A black cat dropped into my life over a year ago, and he's had such an impact on my life I haven't gotten around to blogging about him yet.
I first met him hanging around the parking lot of the community college where I work in January 2008. My campus is bucolic – perfect for a cat, as there are many hidey holes, lots of vegetation, flat and hilly terrain, and plenty of critters to play with and prey on.
But This Cat really liked people. I would come up the steps of the library, walk to my car, and The Cat would run over and greet me as if I was a very familiar friend – his question mark tail, hanging lazily in the air.
Not to say that he didn't make friends with my colleagues (many of whom are catfolks too).
They even named him – “Dewey” – after Melvyl Dewey, the inventor of the Dewey Decimal System, a library classification scheme. Dewey is a boy. Had he been a girl, it's very likely he would have picked up the name Elsie (“LC”) for Library of Congress Classification system – that's the one most academic libraries use and the one my library uses. I know, saddling a mysterious cat with a reference to a classification system of knowledge…well, I'm sure there are cats out there with names more sublime and ridiculous…
But Dewey's story was a mystery. My campus has two feral cat colonies, and he looked like he didn't below to either. Though he was a bit thin, his coat was ok, and he was just too friendly to be a Feral Kampus Kitty. Over several weeks, he would show up just before sunset, and we'd hang out in the parking lot behind the library. I started bringing him snacks, and I opened up my car to him. Before long, he was hanging out in my car as we both listened to the BBC news on NPR. It was dinnertime in Hawaii, and Dewey and I were hearing about tomorrow already.
I was getting home later and later, and F was curious to know what was up. F loves cats too, and we talked about having one come and live with us (because you know that no home is really complete without a cat, or dog, or bird – that's the way I grew up) but the biggest problem: What to do when we travel? If you get hung up on questions like these, you'll probably never get what you want.
Dewey and I met during in winter. Winter in Hawaii is absolutely glorious in that it is windy, and rainy, and cool. I felt bad leaving Dewey at night, but my campus has plenty of buildings on pillar and post where he could find shelter, and the temperature never dropped below 60. I made sure he had a tummy full of food before I left.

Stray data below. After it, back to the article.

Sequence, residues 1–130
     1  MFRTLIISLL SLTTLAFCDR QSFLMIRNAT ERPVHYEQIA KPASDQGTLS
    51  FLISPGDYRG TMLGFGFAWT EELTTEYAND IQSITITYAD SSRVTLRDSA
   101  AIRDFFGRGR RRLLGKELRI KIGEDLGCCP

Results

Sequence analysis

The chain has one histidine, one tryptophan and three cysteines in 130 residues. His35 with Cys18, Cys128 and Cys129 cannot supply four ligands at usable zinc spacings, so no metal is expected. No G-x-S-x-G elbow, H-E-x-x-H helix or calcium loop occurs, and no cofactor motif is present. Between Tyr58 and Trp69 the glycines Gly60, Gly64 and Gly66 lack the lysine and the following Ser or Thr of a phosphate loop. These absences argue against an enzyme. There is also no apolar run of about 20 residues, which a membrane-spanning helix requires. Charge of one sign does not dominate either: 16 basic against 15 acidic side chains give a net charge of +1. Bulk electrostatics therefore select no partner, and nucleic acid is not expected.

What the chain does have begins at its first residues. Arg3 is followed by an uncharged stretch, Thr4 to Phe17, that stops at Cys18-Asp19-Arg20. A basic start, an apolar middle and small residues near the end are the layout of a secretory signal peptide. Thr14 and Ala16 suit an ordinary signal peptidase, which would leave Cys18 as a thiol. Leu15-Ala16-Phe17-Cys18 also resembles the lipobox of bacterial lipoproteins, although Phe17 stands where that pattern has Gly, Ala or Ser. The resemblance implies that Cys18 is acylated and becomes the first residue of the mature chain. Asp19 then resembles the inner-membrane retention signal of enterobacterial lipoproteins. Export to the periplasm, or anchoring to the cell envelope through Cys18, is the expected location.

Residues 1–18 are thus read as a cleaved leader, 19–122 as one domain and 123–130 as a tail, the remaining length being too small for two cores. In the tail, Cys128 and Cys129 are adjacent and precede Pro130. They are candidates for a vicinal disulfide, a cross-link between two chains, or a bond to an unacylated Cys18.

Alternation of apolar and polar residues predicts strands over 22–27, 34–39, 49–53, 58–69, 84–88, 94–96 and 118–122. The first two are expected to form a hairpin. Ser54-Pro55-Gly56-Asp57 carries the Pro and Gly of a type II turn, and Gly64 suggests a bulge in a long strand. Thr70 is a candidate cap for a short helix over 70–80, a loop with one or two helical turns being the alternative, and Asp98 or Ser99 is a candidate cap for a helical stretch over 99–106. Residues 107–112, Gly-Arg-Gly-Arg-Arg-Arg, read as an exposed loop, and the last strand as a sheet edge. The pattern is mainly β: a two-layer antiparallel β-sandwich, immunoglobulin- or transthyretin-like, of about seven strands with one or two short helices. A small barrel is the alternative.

One very windy night I worked until about 8PM – a little later than the time Dewey and I would meet. I climbed the stairs from the library entrance and walked to my car. I heard a strange, disembodied meow coming from….where?
I walked back and forth around the parking lot, and the meowing got stronger and then more faint…for 5 minutes I walked around, and around, and around, only to discover that Dewey…
was in the parking lot storm drain!
I fished out a flashlight from my car, beamed the light through the grate, and saw a very unhappy cat staring up at me.
We have a crackerjack security team at KCC. I called Wayne, who came over with a large crowbar. We lifted the grate up, and I climbed down to get a very relieved Dewey. Dewey was so anxious to get out of there that he helped himself out using the climbing rungs!
Of course, this made it more imperative that I make a decision about bringing him home with me. There were a few other pieces to the puzzle that needed solving.
Dewey and I hung out from Monday to Friday – I went to find him on Saturday, but he wasn't around. Sunday–same thing. F actually began to put the pieces together – he suspected that he was somebody's cat who came to KCC during the week when people were around. Ok. made sense. KCC is surrounded by the neighborhoods of Kaimuki and Kahala
But whose cat was he? Time to find out.
My boss loaned me her cat carrier, and I took Dewey in to see if he was chipped – he was, and the veterinarian would call the owner and tell him/her about me.
An hour later, I got a call from a woman named Heather. I told her that I had really fallen for Dewey.
I popped the question whether I could take Dewey home, and to my joy she said yes! Dewey was one of six who was hand-fed as a baby (his mother was killed by the next door neighbor), so he's extraordinarily bonded with people.
It seems that Dewey has a half-brother at her house – right across the street from KCC – that didn't like him. Dewey was exiled to roam outside because of this, but would return to his home for food. Heather was grateful that he was going to a good home, and, if for some reason it didn't work out at home, I could bring him back. I couldn't believe my good luck that day!
I have much more to say about this cat, and will add more information later…
pics to come!
Dewey loves to be vacuumed (!), and loves boxes: